how to get paid for flight delays, according to money expert | Personal Finance | Finance

A financial expert has dished out top tips on how to claim compensation for flight delays or cancellations.

With summer upon us, many Brits are itching to swap the dreary UK skies for some sun-soaked escapades. Countless holidaymakers have been squirrelling away their pennies all year for that dream getaway, eagerly counting down until they can board a plane and kick off a much-deserved holiday. However, travel plans don’t always run smoothly from endless queues to frustrating delays, last-minute cancellations, or luggage woes, these hiccups are hardly the ideal start to a vacation.

Cirium, an aviation data analysis company, reports a staggering 282,207 flights scheduled to leave the UK during the peak months of June, July, and August. With airports bustling with activity, there’s a higher risk of flight delays due to increased air traffic. Weather conditions can also throw a wrench in departure schedules.

Vivian Tu, a former Wall Street professional turned viral finance expert, better known as ‘your rich BFF’, insists you can be compensated for flight setbacks.

The savvy influencer, boasting a whopping 2.5 million Instagram followers and known for sharing financial wisdom, said: “If your flight gets delayed or cancelled, make sure you get what you are owed! ” The New York-based expert continued: “I love a European vacation as much as the next person but this [summer travel chaos] is all a real possibility, so I’m going to show you how to get money back in your wallet if your flight to and from the EU gets delayed.”

The self-made millionaire, who’s no stranger to travelling herself, remarked: “The EU cares way more about its citizens than anywhere else and it shows because they allow you to claim anywhere between 250 to 600 euros as passenger compensation if your flight arrives late. Flight within the EU, out of the EU, or into the EU with an EU carrier are covered.”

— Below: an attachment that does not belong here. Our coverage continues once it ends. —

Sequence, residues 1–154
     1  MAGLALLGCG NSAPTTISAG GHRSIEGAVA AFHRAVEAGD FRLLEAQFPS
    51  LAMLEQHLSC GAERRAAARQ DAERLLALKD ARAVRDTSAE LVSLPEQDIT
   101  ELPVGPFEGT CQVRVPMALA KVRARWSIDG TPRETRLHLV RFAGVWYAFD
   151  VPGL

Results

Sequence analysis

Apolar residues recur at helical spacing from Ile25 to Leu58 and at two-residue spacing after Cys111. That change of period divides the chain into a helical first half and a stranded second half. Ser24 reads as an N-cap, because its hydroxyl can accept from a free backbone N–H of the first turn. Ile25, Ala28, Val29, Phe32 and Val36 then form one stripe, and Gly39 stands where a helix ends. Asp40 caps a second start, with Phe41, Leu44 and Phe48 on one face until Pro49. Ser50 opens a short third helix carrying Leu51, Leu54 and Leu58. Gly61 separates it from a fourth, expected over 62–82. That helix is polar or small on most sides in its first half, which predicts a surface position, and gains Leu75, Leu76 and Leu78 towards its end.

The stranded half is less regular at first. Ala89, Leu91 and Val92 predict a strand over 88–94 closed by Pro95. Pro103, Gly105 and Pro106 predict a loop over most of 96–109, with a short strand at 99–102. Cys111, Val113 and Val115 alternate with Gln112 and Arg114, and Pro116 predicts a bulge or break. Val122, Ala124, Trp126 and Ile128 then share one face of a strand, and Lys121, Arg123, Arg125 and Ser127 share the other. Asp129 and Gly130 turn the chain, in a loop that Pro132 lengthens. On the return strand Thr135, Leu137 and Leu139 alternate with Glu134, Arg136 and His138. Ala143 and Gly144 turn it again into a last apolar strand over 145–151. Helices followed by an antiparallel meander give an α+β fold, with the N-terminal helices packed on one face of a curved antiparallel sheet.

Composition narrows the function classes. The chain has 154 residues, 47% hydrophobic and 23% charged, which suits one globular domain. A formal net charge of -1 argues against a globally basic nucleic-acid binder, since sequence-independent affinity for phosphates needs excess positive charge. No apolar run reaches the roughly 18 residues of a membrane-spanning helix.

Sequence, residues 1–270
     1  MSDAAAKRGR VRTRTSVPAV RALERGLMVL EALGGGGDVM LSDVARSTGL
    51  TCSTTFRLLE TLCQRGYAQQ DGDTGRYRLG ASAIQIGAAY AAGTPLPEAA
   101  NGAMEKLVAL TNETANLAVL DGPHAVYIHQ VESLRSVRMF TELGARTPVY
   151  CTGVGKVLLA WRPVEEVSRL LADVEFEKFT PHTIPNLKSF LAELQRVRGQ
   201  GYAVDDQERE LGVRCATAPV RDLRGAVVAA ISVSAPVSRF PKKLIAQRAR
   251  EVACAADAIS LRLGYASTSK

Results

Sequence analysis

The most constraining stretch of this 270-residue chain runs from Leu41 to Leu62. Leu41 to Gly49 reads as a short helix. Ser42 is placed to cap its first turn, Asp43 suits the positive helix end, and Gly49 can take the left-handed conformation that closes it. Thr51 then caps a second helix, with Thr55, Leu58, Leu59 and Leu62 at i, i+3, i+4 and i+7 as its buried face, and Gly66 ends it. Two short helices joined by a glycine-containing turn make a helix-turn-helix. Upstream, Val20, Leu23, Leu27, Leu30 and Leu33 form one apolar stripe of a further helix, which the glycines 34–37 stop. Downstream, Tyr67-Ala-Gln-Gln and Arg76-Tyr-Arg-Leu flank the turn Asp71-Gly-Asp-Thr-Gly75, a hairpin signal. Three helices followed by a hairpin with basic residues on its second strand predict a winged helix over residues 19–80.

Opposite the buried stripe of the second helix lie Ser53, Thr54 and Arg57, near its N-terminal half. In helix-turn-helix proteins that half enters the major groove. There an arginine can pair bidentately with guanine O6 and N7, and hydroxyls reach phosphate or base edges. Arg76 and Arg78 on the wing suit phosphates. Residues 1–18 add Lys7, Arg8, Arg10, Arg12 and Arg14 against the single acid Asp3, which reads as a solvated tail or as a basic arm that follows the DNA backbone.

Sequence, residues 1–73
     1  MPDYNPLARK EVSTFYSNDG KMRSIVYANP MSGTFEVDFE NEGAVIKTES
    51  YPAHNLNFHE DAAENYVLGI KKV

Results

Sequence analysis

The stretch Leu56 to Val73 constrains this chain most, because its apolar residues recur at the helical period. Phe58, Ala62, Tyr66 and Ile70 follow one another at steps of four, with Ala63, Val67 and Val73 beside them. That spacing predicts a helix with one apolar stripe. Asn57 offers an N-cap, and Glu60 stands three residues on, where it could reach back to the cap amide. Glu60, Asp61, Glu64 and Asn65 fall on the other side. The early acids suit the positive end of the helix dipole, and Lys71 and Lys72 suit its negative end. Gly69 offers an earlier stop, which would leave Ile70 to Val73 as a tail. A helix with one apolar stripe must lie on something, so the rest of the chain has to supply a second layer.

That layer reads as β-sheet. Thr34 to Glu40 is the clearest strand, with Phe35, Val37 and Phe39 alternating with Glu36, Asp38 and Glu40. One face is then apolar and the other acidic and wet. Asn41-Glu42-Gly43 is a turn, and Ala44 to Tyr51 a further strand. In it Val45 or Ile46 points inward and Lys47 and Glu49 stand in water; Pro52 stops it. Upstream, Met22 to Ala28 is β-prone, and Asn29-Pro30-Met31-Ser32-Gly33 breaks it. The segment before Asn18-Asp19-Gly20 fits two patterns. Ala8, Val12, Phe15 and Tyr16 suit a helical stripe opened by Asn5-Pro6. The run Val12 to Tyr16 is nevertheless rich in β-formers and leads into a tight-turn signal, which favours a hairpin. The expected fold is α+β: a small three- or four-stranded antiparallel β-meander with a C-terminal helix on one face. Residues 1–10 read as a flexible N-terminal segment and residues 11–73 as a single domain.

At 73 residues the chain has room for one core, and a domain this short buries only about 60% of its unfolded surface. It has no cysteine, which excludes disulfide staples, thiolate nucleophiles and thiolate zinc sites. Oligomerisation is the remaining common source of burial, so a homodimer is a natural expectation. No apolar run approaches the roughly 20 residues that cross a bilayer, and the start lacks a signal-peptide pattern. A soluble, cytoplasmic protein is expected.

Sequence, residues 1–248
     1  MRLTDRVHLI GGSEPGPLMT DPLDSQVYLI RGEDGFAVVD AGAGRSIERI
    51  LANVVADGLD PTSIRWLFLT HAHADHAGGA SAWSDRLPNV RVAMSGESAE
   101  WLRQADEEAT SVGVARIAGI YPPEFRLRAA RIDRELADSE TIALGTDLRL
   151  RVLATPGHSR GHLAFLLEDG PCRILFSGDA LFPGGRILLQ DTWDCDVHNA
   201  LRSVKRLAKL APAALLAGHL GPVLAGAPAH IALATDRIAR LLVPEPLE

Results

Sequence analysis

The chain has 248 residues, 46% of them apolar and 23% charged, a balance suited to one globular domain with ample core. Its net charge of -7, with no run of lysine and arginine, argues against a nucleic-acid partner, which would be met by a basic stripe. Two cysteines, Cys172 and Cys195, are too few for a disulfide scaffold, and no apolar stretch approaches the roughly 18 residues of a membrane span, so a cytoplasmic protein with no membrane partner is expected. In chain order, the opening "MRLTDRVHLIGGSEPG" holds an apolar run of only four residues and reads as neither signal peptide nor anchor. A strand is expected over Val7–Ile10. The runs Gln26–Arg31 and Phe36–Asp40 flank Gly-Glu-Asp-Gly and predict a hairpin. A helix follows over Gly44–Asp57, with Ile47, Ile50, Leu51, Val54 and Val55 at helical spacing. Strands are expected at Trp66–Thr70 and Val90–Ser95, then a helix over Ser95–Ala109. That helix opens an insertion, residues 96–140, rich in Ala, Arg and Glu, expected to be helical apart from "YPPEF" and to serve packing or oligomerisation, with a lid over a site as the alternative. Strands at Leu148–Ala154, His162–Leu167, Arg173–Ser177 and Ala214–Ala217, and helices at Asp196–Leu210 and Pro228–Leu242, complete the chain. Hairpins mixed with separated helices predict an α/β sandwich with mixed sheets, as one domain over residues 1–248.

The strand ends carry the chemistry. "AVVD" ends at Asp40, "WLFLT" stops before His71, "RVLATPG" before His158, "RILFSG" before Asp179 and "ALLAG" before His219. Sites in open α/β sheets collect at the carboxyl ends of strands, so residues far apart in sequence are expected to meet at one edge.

The New York Times best selling author and TikTok sensation advises that all you need to do is drop an email to the airline with your name, flight number, the duration of the delay, and “cite EU Regulation 261/2004”. Vivian recommends that if you’re stuck at the airport due to delays or cancellations, simply approach the airline desk “for a pamphlet” which details the claim process.

“Airlines aren’t going to usually offer this up unless you point blank ask,” Vivian added. “Airlines might now tell you but I will,” she further stated.

Her explainer video has garnered comments from several individuals who confirmed the effectiveness of her advice. One person shared their success story: “Yes I’ve done this. The process is easy but long. Save all receipts, old/new flight info and submit them. Many EU carriers also have an online submission portal. Some will also offer transport to and from hotels for over night delays and food vouchers. They [airlines] will not tell you.”

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